Immersed in Movies: Guillermo del Toro Talks ‘Pacific Rim’ Robot Porn (VIDEO)

Immersed in Movies: Guillermo del Toro Talks 'Pacific Rim' Robot Porn (VIDEO)

Guillermo del Toro calls it “robot porn.” The Mexican filmmaker was at his geekiest last week at Industrial Light & Magic in San Francisco, dissecting a fierce fight at sea in “Pacific Rim” between his enormous robot Jaegers and Kaiju alien monsters. It was like watching his version of “Raging Bull,” as he explained how he staged the fight choreography while getting the right height, weight, speed, and volume in CG. But he was just as effusive about the aesthetics of alternating between gritty and surreal.

“I wanted to take a different approach,” del Toro suggested. “I wanted a realistic use of camera and lighting. I wanted camera work that was geographically understandable and believably located, including the impact of surrounding water. The heads are often chopped off and movement is out of frame. We have built in errors with camera positions that are real. We talked to the simulation guys early on in the process and I asked them to make the ocean and the water and the rain another character. To give it a real kind of dynamic.”

For del Toro, the Jaegers represent analogue heroes comprised of World War II machinery riveted together, yet controlled by pilots both physically and mentally through a neurological handshake called “drifting.” By contrast, the Kaiju are voracious reptilian creatures of bioengineering that keep evolving into better WMDs.

Del Toro said his three-year apprenticeship at DreamWorks (through “Rise of the Guardians”) proved invaluable when devising an animation language for “Pacific Rim” and in working with ILM’s John Knoll and his team. For Knoll, it was a constant negotiation between speed vs. scale because of his engineering background, so he wanted the physics to be as realistic as possible. But for del Toro, theatrical spectacle was more important so they often cheated the physics to make the robots faster so they didn’t look like slow, lumbering machines.

“But the complicated factor in all of this was that all of these characters are interacting with all kinds of simulations: water, splashes, fragments of buildings that they smash,” del Toro continued. “When John and I started talking about cinematography and how we were going to light it, we decided to do something very very rare, especially in a summer blockbuster. We decided to use existing light, beginning with the first fight when the Kaiju finds the Jaeger: the Kaiju’s only lit by the lights on the Jaeger. If the Jaeger isn’t lighting the Kaiju, the Kaiju’s almost invisible because it’s black against a black sky.

“And that is another level of realism and it is also another code for the audience to say, ‘It’s happening.’ Because the movie is visually so stylized. It goes into super-saturated colors, deep blacks, strange shapes, that I wanted to at least establish some verisimilitude in the way we show the damage. We treated the water and lighting of this thing almost like a symphonic element.”

When Knoll resisted going over the top, del Toro urged him to go crazy and to embrace his inner Mexican. “During the fight scene in Hong Kong, I would say, ‘Give me a green light on the left.’ And he would say it doesn’t match. ‘I don’t give a fuck! I want a green light on the left. We’re doing Mario Bava.’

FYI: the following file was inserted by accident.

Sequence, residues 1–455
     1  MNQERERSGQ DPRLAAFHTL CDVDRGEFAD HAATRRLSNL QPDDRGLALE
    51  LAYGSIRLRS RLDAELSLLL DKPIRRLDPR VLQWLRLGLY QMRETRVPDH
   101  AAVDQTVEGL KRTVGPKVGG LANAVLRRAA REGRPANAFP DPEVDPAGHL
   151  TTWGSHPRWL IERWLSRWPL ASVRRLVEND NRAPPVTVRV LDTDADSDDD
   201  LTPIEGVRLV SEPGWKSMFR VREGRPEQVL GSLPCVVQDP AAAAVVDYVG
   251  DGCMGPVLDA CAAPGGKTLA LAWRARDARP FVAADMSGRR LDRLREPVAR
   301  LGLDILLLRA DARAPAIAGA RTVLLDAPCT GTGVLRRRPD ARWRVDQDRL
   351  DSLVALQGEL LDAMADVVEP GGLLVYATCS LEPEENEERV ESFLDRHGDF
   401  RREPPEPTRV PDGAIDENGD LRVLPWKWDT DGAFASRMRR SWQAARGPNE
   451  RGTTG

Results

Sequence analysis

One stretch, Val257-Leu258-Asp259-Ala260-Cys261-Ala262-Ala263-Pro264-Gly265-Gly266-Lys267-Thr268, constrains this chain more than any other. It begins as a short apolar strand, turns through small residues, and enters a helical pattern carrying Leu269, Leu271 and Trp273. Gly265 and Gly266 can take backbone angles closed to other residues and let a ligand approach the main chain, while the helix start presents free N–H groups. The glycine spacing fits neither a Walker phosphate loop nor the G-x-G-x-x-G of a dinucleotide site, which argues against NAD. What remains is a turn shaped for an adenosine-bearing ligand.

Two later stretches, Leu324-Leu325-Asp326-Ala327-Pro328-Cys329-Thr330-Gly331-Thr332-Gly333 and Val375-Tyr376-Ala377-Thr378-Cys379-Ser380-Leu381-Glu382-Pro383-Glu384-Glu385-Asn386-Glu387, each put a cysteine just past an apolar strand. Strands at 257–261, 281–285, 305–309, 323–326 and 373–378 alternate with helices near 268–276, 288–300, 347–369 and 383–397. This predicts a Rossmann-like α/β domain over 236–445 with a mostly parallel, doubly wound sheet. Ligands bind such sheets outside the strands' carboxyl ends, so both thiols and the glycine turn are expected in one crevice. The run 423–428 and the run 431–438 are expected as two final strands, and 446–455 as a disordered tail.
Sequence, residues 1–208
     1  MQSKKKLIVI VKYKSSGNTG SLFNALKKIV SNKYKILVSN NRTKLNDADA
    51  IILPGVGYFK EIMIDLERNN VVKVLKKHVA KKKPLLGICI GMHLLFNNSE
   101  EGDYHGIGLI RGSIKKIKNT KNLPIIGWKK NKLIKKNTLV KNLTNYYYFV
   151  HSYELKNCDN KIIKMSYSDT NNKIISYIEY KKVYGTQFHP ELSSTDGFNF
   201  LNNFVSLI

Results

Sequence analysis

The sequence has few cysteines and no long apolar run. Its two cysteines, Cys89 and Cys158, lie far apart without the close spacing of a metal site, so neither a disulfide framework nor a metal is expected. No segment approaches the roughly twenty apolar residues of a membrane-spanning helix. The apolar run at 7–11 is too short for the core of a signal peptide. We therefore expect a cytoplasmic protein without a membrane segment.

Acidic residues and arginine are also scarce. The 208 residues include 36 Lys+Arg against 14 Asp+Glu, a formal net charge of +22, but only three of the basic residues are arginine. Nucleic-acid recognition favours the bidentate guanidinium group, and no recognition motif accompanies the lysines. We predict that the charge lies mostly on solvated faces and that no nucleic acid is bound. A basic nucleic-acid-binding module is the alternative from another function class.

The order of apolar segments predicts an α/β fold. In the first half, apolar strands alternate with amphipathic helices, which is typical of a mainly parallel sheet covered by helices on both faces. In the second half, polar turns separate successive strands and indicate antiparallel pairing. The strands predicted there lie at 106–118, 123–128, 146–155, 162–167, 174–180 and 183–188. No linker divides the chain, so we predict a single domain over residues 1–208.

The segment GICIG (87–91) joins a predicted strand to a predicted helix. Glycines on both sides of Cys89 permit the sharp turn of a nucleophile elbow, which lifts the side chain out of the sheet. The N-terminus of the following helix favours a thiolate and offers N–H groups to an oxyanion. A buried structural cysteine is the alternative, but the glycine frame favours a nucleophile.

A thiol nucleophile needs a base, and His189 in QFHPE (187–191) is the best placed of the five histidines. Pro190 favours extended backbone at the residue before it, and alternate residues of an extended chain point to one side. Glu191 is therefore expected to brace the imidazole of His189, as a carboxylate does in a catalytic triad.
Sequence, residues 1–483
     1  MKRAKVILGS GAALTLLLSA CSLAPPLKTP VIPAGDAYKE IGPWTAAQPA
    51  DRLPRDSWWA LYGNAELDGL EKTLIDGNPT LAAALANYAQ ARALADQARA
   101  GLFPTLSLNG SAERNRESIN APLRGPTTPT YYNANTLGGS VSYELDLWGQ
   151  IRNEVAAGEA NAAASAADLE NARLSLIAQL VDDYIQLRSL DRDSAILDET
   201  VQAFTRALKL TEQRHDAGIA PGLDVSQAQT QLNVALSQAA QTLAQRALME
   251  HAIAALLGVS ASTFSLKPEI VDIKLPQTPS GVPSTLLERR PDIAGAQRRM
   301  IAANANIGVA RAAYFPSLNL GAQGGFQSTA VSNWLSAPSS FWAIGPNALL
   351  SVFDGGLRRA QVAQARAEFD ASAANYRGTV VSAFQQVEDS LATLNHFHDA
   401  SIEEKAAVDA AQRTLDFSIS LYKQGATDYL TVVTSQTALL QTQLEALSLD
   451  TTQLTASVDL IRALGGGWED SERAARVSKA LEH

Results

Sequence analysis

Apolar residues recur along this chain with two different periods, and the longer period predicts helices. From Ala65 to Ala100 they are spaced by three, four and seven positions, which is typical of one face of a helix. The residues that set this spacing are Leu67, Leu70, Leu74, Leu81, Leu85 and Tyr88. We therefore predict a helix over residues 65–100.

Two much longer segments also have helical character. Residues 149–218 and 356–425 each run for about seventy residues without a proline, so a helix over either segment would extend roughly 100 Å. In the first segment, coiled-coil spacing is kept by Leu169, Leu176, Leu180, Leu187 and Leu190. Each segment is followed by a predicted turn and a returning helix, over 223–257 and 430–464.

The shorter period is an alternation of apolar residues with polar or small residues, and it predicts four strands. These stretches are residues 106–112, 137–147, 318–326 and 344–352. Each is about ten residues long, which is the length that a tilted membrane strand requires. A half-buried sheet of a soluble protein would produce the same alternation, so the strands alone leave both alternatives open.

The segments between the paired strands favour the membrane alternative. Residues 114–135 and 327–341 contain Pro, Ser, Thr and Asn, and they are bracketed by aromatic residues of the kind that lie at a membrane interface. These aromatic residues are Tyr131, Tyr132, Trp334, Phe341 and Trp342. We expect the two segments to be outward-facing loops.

“On the other hand, he forced me to think in logical terms. I needed to come up with a language for the first punch in the movie from the Jaeger. I knew it was going to be the most important point. You either buy it or you don’t. I came up with the idea that I’m going to cut and I’m going to use two cameras, a wide one and a tight one, and that will allow me a third cut outside. John was on top of me saying how fast they need to move.”

However, with a budget gap between del Toro’s ambition and ILM’s reach, Knoll devised a more efficient pipeline that shed a lot of waste and forced greater front end iteration. “Certain things you do as a director, if you’re changing your mind, you’re basically opening up an ATM machine that has no end,” del Toro quipped. “They made it easier to do the creative iterations on the front end because the back end beauty pass is much more expensive.”

Yet del Toro insists that “Pacific Rim” is more fantasy than sci-fi aimed at his inner 12-year-old. In fact, sci-fi doesn’t float his boat. “Robots I have a huge boner for. Sci-fi robots I find incredibly moving, collapsing on a beach or being maimed or trying earnestly Golem-like.”

But the humanity of “Pacific Rim” comes from “the drift.” That’s what elevates it beyond the rock ’em sock ’em fun. And the mecha warriors are only as good as the pilots inside them, who wrestle with their emotional demons when they’re drifting.

“The idea was: Can we have two characters, who don’t trust anyone, trust each other? I actually wanted the flashback scene of Mako [Rinko Kikuchi] to be like a fairy tale of a girl being saved from a dragon by a knight in shining armor, and when [her protector] comes out of the Jaeger, he looks like a knight. The movie’s about the largest things and the smallest things, whether it’s a fist hitting a window in a building or a giant monster and a little shoe. And I thought there was no other way to understand the Kaiju attack than by having it be the girl [running in the street] who’s in the pilot suit. To understand that little girl is fundamental.”

And to understand the passion of this lifelong animation geek is fundamental to our enjoyment of “Pacific Rim.” It’s all about del Toro’s personal drift, which is infectious.

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